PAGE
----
Barry Sheerman, the Labour MP for the neighbouring constituency of Huddersfield, is apparently refusing to register a first-class train pass he has received from Grand Central, an open-access train operator, because he isn’t willing to estimate its value.
This is particularly concerning because he considered it appropriate to sign Early Day Motion 219, which praises Grand Central and encourages the Department for Transport to support open-access operators, whilst having at that point received the pass.
So, despite the primary reason for requiring members to register gifts being to allow others to identify possible conflict of interests, Barry Sheerman won’t register a gift from an organisation that he is happy to sign a motion supporting.
Sheerman is by no means the only MP to have been given such a pass. It seems many of those representing constituencies which are near the locations served by Grand Central have been given one. I’ve not heard of anyone else refusing to register it though.
Whilst the other recipients will no doubt be focusing on their duty to represent their constituents, Sheerman is instead continuing this pointless dispute with the House of Commons authorities. He’s said, “I’m trying to settle this in the House of Commons but I’ve not yet got any satisfaction and I will now take the matter to the Speaker. I will also take it to the head of the House of Commons Commission.”
This all seems rather unnecessary. I’m sure his constituents will be delighted to see that rather standing up for them, their MP is wasting time engaging in pointless disputes about train tickets.
UPDATE (18 November)
The above was prompted by the Huddersfield Daily Examiner article, “Barry Sheerman accuses House of Commons of ‘daft ruling’ over free first-class rail pass”, which was published on 15 November. This article was at least the second the Examiner had published regarding this topic and I did check the Register of Members’ Financial Interests a few weeks ago which would have been the version as of 25 October, and noted the pass wasn’t mentioned.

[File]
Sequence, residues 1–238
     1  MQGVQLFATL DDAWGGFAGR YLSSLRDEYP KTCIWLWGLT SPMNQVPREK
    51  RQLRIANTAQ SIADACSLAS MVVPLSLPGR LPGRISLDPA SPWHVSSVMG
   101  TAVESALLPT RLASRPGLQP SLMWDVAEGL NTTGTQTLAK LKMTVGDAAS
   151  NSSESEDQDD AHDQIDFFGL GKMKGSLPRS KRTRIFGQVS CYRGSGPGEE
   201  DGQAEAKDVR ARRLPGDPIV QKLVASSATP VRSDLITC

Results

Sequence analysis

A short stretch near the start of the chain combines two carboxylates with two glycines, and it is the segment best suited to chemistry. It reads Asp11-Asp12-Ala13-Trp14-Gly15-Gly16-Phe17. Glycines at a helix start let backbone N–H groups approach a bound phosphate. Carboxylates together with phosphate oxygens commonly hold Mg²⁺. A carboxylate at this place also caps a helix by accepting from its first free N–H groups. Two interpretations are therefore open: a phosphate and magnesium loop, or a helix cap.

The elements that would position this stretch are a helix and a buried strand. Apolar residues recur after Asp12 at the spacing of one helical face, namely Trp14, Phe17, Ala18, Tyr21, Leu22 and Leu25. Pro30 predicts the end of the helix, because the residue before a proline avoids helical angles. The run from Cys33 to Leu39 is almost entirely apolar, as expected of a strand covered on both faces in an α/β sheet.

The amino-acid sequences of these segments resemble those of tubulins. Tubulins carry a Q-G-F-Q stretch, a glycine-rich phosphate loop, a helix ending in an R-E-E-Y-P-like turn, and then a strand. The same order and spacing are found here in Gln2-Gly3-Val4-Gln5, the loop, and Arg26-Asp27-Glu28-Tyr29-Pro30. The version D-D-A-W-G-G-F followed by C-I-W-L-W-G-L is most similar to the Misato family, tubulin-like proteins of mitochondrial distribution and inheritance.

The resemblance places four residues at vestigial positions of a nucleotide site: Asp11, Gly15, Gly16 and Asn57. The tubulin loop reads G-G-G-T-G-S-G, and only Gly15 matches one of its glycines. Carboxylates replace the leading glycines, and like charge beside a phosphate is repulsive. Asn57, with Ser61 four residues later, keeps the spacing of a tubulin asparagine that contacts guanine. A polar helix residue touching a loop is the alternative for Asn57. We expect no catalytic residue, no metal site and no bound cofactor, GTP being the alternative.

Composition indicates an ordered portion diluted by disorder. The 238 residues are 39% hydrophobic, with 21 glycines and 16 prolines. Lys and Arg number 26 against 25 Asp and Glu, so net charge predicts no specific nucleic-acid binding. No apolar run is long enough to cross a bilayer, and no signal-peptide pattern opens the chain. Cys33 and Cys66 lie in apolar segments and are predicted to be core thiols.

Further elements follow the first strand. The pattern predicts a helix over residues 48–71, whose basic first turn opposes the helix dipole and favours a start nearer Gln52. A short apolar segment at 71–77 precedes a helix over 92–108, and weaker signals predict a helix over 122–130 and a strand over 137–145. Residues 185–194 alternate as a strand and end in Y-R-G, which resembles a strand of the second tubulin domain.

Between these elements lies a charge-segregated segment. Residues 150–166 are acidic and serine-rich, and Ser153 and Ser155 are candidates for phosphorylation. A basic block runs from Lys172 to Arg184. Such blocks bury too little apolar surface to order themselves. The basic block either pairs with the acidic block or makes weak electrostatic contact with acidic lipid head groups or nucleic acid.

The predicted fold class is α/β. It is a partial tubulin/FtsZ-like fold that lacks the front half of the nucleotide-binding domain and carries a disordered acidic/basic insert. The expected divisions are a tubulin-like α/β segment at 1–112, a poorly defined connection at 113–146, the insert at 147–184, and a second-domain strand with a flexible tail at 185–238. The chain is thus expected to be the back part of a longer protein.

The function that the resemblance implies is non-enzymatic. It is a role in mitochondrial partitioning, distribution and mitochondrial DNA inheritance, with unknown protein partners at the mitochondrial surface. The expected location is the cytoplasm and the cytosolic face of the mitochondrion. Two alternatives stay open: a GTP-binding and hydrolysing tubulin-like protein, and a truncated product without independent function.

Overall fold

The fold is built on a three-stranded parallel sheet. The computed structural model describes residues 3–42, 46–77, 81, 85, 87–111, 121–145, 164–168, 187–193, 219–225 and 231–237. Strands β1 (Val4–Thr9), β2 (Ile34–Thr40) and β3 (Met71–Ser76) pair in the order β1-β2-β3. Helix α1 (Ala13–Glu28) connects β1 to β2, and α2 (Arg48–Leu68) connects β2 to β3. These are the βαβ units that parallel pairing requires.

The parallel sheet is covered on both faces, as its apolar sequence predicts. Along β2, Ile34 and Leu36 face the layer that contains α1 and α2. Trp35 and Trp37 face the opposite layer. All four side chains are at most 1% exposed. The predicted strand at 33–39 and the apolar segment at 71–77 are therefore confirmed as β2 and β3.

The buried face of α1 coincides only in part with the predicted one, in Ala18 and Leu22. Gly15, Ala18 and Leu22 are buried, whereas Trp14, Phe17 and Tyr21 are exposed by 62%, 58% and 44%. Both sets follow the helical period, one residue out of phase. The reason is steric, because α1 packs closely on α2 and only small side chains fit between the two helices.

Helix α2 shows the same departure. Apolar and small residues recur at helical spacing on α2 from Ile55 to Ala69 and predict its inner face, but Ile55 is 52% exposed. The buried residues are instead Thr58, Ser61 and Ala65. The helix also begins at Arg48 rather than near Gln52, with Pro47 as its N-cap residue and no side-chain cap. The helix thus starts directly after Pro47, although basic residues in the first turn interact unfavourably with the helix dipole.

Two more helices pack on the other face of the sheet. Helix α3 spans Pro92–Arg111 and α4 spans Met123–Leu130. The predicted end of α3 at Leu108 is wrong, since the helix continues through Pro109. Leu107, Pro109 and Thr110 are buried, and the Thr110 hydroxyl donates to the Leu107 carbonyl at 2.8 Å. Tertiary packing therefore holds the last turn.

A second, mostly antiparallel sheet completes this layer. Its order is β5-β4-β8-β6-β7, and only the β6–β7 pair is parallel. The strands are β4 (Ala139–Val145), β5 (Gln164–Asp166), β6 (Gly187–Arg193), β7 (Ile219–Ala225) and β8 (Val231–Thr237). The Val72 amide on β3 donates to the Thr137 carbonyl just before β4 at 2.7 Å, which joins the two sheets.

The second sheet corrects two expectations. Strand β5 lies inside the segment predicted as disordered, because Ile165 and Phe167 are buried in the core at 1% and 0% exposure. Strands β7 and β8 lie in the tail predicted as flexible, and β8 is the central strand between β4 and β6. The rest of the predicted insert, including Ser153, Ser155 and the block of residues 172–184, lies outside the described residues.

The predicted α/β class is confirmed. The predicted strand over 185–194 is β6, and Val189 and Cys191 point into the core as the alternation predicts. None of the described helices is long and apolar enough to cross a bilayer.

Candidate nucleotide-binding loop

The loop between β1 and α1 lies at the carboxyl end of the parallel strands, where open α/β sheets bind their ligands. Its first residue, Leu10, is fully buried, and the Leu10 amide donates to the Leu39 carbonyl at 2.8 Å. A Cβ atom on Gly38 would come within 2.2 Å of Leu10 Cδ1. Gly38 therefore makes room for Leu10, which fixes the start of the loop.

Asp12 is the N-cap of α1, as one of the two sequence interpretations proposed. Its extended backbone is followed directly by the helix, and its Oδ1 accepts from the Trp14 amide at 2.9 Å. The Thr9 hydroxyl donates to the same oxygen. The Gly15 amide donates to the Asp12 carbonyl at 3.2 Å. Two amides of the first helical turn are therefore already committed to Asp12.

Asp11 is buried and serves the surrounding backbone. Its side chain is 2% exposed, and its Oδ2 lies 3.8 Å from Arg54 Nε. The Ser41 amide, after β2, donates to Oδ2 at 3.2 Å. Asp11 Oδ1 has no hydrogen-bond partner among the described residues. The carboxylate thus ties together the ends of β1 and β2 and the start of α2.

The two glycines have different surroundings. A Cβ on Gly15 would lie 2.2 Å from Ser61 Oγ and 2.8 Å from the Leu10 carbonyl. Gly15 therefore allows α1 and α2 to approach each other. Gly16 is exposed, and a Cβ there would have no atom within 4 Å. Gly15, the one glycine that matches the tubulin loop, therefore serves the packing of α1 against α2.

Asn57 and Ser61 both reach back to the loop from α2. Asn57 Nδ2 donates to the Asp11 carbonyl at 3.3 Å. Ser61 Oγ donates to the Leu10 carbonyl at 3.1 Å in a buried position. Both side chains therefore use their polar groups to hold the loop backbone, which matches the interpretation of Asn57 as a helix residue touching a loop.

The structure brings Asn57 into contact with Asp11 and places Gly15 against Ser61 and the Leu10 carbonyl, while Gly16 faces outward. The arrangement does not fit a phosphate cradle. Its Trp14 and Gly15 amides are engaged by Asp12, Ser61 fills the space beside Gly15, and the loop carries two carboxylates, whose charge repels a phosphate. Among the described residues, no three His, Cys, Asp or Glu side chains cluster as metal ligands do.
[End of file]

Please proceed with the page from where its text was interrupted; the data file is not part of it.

Whilst the Examiner article of 15 November says Sheerman “has not registered his free first-class rail pass in protest”, that is incorrect. The latest copy of the Register of Members’ Financial Interests dated 8 November does mention the gift. Foolishly I assumed the Examiner article was accurate and hadn’t checked the register myself until now. So, Sheerman has registered the pass, the difference between him and the other MPs who have received one seems to be that Sheerman has only registered the value of the benefit to date rather than estimating the full value of the benefit.
It seems that the dispute relates to whether he periodically registers the benefit he has received in using the pass or, as others have done, provide an estimate for the maximum potential value. There are advantages and disadvantages of both in my view but Sheerman’s method would create more work for him and the House of Commons so it is perhaps understandable that they have asked him just to provide an estimate.
My view on this whole situation hasn’t changed however in light of this new information. This remains a pointless dispute which will be distracting Sheerman from his real duties as an MP and it doesn’t seem unreasonable for the House of Commons to ask that he provides an estimate of the maximum potential value so I fail to see why Sheerman is complaining about this.